The first part will be about the science. We will discuss the what as in 'what happens.' The second part will be about the philosophy. It will cover the whys of the properties of reality. The last section will cover the possible uses the reader can make of the information in the first two sections.

I promise that I will not throw a lot of math at you. I will discuss the math, but I will be describing it, not making you do calculations.

Strap yourself into your crash couches. We are about to take a fascinating journey.

I SCIENCE

IN THIS SECTION, I will be describing the experimental and theoretical results of the scientific investigation of the quantum basis of our reality. In a subject such as this, it is virtually impossible to entirely avoid making assumptions about the cause of some of the activities, but I will attempt to keep it at a minimum.

The primary aspects of the quantum world that we will look at are the Observer effects, the Uncertainty Principle, and the Planck limits on duration and distance. I will use the Theory of Relativity as a comparative theory because it uses Observers and Frames of Reference in the theory, which also applies to Quantum Theory.

I am a proponent of the Many Worlds Interpretation as the answer to how outcome resolutions are resolved. I think that the Interpretation is all but proven. You need superposition as an assumption in the argument for quantum computation.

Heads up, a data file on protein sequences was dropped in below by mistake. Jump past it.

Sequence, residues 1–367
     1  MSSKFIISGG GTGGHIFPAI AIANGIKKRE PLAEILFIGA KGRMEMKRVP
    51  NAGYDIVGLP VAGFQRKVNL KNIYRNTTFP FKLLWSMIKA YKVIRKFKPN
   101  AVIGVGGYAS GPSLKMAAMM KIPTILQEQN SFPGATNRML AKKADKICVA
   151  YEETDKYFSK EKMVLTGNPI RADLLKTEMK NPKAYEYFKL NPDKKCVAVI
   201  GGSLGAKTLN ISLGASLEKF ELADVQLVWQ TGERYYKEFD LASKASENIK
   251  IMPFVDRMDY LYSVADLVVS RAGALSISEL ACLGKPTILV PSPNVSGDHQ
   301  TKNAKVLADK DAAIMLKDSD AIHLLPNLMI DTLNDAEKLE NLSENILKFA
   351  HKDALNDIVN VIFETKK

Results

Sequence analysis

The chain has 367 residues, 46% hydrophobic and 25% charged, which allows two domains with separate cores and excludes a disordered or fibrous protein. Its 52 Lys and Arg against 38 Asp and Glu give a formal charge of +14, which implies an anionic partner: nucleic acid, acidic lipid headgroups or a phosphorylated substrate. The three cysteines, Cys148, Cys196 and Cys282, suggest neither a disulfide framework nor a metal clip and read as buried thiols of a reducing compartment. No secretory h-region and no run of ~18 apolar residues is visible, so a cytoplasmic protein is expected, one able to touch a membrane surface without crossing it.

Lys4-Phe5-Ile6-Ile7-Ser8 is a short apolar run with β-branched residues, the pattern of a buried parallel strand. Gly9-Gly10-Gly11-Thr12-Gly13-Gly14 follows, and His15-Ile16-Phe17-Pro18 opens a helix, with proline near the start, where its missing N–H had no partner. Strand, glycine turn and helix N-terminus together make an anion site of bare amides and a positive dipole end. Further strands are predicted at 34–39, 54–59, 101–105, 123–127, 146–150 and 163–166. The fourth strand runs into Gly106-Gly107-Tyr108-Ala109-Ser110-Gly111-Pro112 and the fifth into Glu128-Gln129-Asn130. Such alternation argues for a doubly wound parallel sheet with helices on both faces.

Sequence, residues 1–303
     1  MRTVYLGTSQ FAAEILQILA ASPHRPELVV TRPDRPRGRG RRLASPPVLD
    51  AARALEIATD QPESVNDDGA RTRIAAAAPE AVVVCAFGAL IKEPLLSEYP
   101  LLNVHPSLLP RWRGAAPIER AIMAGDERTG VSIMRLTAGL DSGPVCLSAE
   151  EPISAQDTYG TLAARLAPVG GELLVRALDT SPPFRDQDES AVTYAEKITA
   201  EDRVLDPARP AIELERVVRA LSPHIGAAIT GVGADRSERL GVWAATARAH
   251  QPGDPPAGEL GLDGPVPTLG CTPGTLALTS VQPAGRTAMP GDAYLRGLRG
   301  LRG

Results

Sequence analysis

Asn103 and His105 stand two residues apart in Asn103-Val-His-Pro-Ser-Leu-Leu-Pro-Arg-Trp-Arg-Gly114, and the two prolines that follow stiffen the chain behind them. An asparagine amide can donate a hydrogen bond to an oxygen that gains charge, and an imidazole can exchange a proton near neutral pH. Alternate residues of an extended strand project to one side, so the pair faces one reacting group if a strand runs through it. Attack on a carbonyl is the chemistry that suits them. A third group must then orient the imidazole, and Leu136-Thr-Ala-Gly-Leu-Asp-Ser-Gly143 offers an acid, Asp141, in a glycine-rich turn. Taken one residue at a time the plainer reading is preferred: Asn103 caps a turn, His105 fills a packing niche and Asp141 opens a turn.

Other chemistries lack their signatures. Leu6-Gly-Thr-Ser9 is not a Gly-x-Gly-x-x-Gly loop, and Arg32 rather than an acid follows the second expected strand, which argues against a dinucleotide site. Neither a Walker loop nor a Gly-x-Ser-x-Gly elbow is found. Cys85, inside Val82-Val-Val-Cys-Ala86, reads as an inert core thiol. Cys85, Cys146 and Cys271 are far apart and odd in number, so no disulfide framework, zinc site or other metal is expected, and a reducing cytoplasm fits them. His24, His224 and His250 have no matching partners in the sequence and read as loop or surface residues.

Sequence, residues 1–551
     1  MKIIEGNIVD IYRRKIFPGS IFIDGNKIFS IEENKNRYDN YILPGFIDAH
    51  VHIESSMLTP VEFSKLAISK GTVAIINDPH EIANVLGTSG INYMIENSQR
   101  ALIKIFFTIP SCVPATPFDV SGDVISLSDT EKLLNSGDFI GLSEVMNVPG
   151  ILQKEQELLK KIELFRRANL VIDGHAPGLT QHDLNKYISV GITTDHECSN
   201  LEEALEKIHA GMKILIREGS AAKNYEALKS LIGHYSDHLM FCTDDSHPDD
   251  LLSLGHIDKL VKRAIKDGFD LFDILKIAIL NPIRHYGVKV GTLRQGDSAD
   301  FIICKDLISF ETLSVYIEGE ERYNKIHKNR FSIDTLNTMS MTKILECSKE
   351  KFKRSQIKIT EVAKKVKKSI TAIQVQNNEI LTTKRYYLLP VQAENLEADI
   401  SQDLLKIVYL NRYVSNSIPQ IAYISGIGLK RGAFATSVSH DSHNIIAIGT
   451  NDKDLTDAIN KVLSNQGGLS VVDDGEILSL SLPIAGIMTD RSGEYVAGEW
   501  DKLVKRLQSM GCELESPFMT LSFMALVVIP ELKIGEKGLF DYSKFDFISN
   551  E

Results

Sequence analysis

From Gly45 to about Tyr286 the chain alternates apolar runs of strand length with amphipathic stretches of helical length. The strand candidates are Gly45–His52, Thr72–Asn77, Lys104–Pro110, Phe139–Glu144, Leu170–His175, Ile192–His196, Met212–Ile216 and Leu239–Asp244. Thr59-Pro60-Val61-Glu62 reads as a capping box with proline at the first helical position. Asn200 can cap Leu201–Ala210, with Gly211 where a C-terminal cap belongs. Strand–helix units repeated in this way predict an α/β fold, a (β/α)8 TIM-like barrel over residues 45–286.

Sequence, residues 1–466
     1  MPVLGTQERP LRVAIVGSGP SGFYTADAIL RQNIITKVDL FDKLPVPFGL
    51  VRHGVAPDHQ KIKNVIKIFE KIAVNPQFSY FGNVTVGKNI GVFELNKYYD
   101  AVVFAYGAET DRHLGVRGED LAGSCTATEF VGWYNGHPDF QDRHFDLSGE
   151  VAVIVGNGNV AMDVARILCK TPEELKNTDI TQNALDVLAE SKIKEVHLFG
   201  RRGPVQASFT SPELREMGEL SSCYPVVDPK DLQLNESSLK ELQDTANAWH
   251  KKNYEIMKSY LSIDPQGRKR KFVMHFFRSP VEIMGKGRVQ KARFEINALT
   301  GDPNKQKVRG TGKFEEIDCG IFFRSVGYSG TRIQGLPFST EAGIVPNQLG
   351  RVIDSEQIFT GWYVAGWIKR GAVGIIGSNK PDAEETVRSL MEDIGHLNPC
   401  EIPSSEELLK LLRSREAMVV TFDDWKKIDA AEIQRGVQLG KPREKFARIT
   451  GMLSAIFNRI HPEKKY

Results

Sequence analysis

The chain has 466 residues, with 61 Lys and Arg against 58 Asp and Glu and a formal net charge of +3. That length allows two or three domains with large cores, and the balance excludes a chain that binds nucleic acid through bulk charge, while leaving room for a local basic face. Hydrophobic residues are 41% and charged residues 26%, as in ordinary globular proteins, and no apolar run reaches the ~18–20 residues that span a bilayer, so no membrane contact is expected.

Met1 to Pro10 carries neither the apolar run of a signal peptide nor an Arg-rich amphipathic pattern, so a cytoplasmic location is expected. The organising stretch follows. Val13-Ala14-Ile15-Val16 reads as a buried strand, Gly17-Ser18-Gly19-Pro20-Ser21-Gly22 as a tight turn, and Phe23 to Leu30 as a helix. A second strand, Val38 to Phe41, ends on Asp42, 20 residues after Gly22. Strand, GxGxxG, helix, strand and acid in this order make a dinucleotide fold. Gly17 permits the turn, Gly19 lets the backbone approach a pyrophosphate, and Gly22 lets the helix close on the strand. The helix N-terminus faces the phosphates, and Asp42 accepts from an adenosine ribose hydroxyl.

Normal computers manipulate data in the form of bits, which are ones and zeros. The quantum computer uses qubits, which are composed of the range of values between zero and one inclusive. This only works if parallel universes exist. There has been enough advancement of quantum computing to establish that it works, so that means the Many Worlds Interpretation is real.

There are huge areas of specific quantum theory that we will not discuss, either because the mathematics is too complex for the average reader, or because it has no bearing on the specific question this book is addressing. That question is 'how does quantum reality work?'

That is enough of this introductory stuff. Now sit down and pay attention. Let us get started.

1 HISTORY

WE LIVE IN A WORLD, which is not as it seems. We know that the table that we sit at, and the chair that enthrones us, are as insubstantial as the air. We know this, but our eyes and minds insist that they are as solid and as real as they appear.